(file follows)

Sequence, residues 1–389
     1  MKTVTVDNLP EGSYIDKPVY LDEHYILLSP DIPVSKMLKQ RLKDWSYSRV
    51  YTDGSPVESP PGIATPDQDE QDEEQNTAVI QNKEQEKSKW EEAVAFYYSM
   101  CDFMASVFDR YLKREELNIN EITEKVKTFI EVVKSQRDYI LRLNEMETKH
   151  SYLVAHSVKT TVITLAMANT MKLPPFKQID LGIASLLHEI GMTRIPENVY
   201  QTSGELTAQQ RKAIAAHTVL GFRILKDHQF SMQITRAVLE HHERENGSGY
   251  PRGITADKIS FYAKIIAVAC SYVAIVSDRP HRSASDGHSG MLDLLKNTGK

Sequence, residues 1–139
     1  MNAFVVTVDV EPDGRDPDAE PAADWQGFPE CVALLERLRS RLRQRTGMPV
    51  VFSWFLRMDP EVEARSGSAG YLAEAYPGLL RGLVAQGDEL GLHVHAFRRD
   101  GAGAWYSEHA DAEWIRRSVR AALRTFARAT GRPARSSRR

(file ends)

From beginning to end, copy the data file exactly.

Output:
Sequence, residues 1–389
     1  MKTVTVDNLP EGSYIDKPVY LDEHYILLSP DIPVSKMLKQ RLKDWSYSRV
    51  YTDGSPVESP PGIATPDQDE QDEEQNTAVI QNKEQEKSKW EEAVAFYYSM
   101  CDFMASVFDR YLKREELNIN EITEKVKTFI EVVKSQRDYI LRLNEMETKH
   151  SYLVAHSVKT TVITLAMANT MKLPPFKQID LGIASLLHEI GMTRIPENVY
   201  QTSGELTAQQ RKAIAAHTVL GFRILKDHQF SMQITRAVLE HHERENGSGY
   251  PRGITADKIS FYAKIIAVAC SYVAIVSDRP HRSASDGHSG MLDLLKNTGK

Sequence, residues 1–139
     1  MNAFVVTVDV EPDGRDPDAE PAADWQGFPE CVALLERLRS RLRQRTGMPV
    51  VFSWFLRMDP EVEARSGSAG YLAEAYPGLL RGLVAQGDEL GLHVHAFRRD
   101  GAGAWYSEHA DAEWIRRSVR AALRTFARAT GRPARSSRR